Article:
» Monday, September 6, 2004

Beslan School Siege

Asked if the Prime Minister would be speaking to President Putin in the light of the horrific outcome of the school siege in Beslan, the PMOS said that the Prime Minister had sent a note to the President on Friday in which he had said, “I have been closely watching the terrible developments in North Ossetia. It is hard to express my revulsion at the inhumanity of terrorists prepared to put children and their parents through such suffering. Our thoughts and prayers are with you, the families and friends of those killed, those injured and all of the Russian people at this time”. Obviously the Prime Minister would want to speak personally to President Putin at some point. However, since Russia was taking part in two days of mourning, we recognised that now was not the appropriate time.

Asked to remind journalists of the Prime Minister’s position on the Chechnya issue, the PMOS said that this was a time for respecting the hurt and anguish in Russia. It would not be appropriate to get drawn into a discussion about political controversies while Russia mourned its dead.

Asked for a reaction to reports that Arabs had been among the hostage-takers, the PMOS said that this was a matter which was best left to the Russian authorities on the ground. No doubt it would take time for the situation to be clarified. In the meantime, as the Prime Minister had indicated in his letter on Friday, the important thing was to express our complete solidarity with the people of Russia who had suffered this terrible atrocity. Our thoughts were with them and we would neither say nor do anything which would detract from their grief in any way.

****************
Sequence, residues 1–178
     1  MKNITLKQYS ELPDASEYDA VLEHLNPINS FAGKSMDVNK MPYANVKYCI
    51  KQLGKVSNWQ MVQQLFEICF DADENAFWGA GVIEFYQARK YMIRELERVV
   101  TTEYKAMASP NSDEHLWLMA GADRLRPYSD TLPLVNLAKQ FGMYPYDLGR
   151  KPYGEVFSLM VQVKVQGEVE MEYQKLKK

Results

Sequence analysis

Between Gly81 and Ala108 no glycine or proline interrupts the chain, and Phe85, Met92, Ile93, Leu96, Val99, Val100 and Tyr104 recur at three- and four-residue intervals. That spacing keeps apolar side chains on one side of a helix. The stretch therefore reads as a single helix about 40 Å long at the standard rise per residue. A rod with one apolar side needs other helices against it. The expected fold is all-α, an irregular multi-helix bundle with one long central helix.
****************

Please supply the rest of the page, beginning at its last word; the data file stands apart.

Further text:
Questioned as to whether the UK might offer military support to Russia to help improve security, the PMOS said that as the Foreign Secretary had indicated on the Today Programme this morning, we stood ready to help if the Russian authorities believed we could do so in any way. However, he was not aware of any requests which had been made at this stage. Asked if the help being offered should be seen in the context of the Dutch Government’s demand on Russia to explain how the tragedy had been allowed to happen, the PMOS said no. We believed our assistance to be an appropriate response to a horrible atrocity which had been visited upon the Russian people. That was why we felt it was important to stress our solidarity with a government and with a people who had been the victims of such an appalling act. It was for others to respond in their own ways.

Asked if the British Government might re-examine the extradition orders for Chechen separatists which had been dismissed last year, the PMOS said that normal procedures had been followed, as you would expect. It would therefore be very wrong of him to pass comment on them.

Asked if the Prime Minister believed that the siege in Beslan and its terrible aftermath was a world-changing event, the PMOS said that, unfortunately, each event such as this was unique and horrible in its own right. Each one should therefore be judged by itself. Of course there were wider implications. However, at this particular time, it was important to mark the tragedy of those who had been killed and acknowledge the hurt and outrage felt in Russia before attempting to draw out any possible consequences for elsewhere. Asked if Downing Street agreed with the Foreign Secretary’s assessment this morning that the outrage was on a par with Nazism, the PMOS said the Foreign Secretary had been illustrating the point that the people who carried out such atrocities wanted to cause as many casualties as possible. In Beslan for example, they had clearly shown an utter disregard for the sanctity of human life which, as Mr Straw had been pointing out, was of a similar nature to that shown by previous regimes, such as Nazism.

Briefing took place at 11:00 | Search for related news

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